Tadhg Furlong Gives A Hugely Insightful Scrummaging Masterclass
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Tadhg Furlong’s rise to the top has been nothing short of incredible. In the space of 12 months the Wexford native has gone from squad man, to one of the world’s very best props.
Furlong has done for the tighthead position what Dane Coles has done for hookers. Not only can Furlong scrummage with the very best, he can also carry, throw a 10 metre pass and defend as if he had a seven on his back.
In terms of his scrummaging, he probably leads the way in world rugby right, and gave the media an masterclass on the subject yesterday. Furlong explained what he looks for and how he prepares himself in a fascinating insight.
“I suppose everyone is different in a way. What I like to do is have a look at the opposition scrum, I suppose get my head around what’s coming. But then, a lot of the time in the scrum we have to focus on ourselves as well – like, our setup, how we connect with our second rows, how the hooker and the loosehead are working with you.
“A lot of that is in your control, and it doesn’t change much week to week.
You look at their scrum, and you see maybe where they’re trying to bring the force or angle, or where they like to attack – to go forward. And then you put emphasis on specific joint shoulders within the [your own] scrum.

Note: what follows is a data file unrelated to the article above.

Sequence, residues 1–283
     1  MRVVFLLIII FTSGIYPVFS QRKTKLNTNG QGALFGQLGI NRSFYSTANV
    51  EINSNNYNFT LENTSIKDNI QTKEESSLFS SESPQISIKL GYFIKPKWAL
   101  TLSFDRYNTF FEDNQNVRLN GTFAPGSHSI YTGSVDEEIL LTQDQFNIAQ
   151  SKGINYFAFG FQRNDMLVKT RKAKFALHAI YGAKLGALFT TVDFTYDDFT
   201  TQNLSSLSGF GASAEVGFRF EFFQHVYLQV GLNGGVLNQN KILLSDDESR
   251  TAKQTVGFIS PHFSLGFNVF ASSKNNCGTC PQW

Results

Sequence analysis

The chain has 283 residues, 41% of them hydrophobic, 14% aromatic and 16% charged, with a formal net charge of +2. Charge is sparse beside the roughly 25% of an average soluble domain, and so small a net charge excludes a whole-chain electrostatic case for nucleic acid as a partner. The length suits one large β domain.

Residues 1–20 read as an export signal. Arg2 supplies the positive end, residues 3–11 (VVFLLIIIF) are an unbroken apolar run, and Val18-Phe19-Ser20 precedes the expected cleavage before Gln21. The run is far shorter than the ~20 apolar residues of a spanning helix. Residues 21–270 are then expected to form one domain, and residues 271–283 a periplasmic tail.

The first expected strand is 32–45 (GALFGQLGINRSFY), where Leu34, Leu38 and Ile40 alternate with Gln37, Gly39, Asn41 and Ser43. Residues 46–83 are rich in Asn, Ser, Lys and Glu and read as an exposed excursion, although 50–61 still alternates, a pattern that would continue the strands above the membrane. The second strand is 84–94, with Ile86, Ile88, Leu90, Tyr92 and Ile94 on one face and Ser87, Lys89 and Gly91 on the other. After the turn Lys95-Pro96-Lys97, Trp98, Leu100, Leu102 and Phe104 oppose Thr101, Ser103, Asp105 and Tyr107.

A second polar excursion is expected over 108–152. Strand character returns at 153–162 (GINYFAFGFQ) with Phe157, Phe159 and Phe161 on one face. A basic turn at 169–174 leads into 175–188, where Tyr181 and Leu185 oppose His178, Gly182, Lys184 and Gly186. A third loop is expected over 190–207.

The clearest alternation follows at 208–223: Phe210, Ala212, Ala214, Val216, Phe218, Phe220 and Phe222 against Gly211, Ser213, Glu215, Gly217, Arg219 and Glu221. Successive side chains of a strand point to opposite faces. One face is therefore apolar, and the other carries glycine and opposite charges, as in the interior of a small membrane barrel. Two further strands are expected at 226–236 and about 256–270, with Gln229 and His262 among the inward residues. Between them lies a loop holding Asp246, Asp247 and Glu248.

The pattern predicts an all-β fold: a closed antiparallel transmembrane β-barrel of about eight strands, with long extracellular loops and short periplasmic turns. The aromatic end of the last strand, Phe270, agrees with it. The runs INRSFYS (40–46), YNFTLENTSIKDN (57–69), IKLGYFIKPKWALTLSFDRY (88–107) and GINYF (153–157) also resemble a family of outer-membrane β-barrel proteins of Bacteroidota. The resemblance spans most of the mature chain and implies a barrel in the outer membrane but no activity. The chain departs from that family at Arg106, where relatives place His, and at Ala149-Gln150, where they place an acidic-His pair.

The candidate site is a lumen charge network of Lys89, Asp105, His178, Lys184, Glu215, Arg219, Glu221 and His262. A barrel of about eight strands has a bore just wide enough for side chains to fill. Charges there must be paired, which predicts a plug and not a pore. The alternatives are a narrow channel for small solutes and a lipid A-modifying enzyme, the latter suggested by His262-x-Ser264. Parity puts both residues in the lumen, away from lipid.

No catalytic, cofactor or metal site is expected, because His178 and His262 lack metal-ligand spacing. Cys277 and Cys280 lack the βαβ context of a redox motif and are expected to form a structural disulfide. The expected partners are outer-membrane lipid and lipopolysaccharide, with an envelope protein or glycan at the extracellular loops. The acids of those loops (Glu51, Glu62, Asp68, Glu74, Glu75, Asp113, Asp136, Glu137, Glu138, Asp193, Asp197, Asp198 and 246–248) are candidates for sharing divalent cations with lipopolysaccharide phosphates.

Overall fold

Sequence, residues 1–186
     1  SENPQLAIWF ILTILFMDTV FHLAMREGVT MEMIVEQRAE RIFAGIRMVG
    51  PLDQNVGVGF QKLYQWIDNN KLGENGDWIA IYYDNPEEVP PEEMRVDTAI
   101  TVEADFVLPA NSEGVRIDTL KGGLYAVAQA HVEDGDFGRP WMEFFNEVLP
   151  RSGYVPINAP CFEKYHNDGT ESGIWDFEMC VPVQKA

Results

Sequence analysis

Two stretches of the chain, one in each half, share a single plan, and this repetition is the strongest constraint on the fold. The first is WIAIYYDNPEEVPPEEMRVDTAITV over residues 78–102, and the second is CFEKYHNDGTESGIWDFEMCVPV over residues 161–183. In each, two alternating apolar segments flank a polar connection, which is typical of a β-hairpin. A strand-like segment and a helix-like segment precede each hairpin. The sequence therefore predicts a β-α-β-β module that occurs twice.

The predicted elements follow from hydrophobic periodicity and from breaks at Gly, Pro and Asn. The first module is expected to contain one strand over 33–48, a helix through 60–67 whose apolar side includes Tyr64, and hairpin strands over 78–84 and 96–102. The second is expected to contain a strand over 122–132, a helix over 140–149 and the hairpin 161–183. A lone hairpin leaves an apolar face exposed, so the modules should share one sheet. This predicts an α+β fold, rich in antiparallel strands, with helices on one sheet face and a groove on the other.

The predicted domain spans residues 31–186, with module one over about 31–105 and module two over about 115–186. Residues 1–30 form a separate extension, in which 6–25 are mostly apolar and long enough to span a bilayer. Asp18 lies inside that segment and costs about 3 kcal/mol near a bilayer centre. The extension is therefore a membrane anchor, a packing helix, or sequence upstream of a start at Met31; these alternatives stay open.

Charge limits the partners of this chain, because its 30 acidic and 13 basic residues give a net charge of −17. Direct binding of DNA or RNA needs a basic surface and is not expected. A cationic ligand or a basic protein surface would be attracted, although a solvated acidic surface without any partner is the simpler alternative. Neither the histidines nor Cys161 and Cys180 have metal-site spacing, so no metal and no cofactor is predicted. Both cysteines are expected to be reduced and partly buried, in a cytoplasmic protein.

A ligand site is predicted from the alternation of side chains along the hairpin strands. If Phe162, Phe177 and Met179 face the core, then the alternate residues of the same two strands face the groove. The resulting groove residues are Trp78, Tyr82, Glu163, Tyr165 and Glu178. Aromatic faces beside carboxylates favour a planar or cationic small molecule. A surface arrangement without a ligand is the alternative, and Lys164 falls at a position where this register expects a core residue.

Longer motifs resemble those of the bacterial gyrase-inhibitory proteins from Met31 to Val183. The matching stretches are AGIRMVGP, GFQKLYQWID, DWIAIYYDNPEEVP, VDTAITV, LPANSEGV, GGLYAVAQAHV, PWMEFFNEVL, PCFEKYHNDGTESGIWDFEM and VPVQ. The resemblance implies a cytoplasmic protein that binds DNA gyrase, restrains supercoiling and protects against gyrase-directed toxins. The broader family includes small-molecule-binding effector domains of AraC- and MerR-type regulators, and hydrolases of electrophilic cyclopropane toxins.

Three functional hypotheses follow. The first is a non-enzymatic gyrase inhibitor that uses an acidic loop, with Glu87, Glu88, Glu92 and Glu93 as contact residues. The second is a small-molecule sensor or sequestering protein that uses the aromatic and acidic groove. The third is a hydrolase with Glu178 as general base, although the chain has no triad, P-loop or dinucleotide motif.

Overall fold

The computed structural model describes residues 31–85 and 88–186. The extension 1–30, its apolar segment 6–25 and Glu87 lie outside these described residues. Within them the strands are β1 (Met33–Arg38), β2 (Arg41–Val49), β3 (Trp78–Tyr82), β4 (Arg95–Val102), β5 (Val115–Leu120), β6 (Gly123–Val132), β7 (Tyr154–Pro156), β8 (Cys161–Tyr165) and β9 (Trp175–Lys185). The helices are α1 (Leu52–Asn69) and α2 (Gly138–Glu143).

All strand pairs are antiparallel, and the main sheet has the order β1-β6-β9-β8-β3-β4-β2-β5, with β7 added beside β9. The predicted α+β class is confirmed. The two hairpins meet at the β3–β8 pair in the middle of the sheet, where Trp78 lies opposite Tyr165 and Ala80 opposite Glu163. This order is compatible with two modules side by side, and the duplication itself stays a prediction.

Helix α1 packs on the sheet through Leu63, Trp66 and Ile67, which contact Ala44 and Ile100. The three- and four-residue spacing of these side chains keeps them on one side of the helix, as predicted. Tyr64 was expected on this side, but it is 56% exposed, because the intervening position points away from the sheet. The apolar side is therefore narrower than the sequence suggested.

“Also, with your bind, you’d be looking at the loosehead: some looseheads lift up, some loosheads lean forward. It all changes on where you bind, and how you can – I suppose – get yourself in the scrum the way you’d like to.
“But it’s all in theory. I suppose you learn as you go, so you look at it in theory: ‘this should work. In the past, this is what worked.’ And then it’s putting it out on the field and trying to execute it is the tough part.
“I enjoy looking at scrums – what other teams are doing; how other second rows and back fives are scrummaging; what works well, what doesn’t work well; what can we rob off them?
“It’s all about trying to execute it at the weekend, then.”
Furlong says a lot of the time it comes down to short-term memory and living in the moment and feeling your opponent out.
“When you’re looking at a scrum, you see what’s happening,” Furlong said.
“But when you’re in there, you can’t look from the outside – d’you know what I mean?
It’s all about your feeling, there: you remember the feeling you had in the [last] scrum, where the pressure was coming from, and what you did to counteract it.
“It’s one thing looking at it, it’s another thing to feel it, and trying to problem-solve with the feeling when you can’t look at the tape to see what you look like, if you know what I mean.”
Furlong also say it’s difficult to changes this up and try and fool your opposition as the smallest change can effect the entire scrum.
“I wouldn’t say it’s all that easy to do, to be honest with you, because it’s so repetitive.
“If I change something in my setup – just say I change where one of my legs stand, or if I’m pulling one way or the other – it has a knock-on effect between the second row behind me and my hooker and loosehead on the far side of me.
“So, in theory it might sound a clever thing to do, but I suppose you’re after doing so many reps doing it one way, the smallest change can have an effect on everyone around you.
“It’s those little bits that just throw you off is what, at this level of scrummaging, skews execution for you.”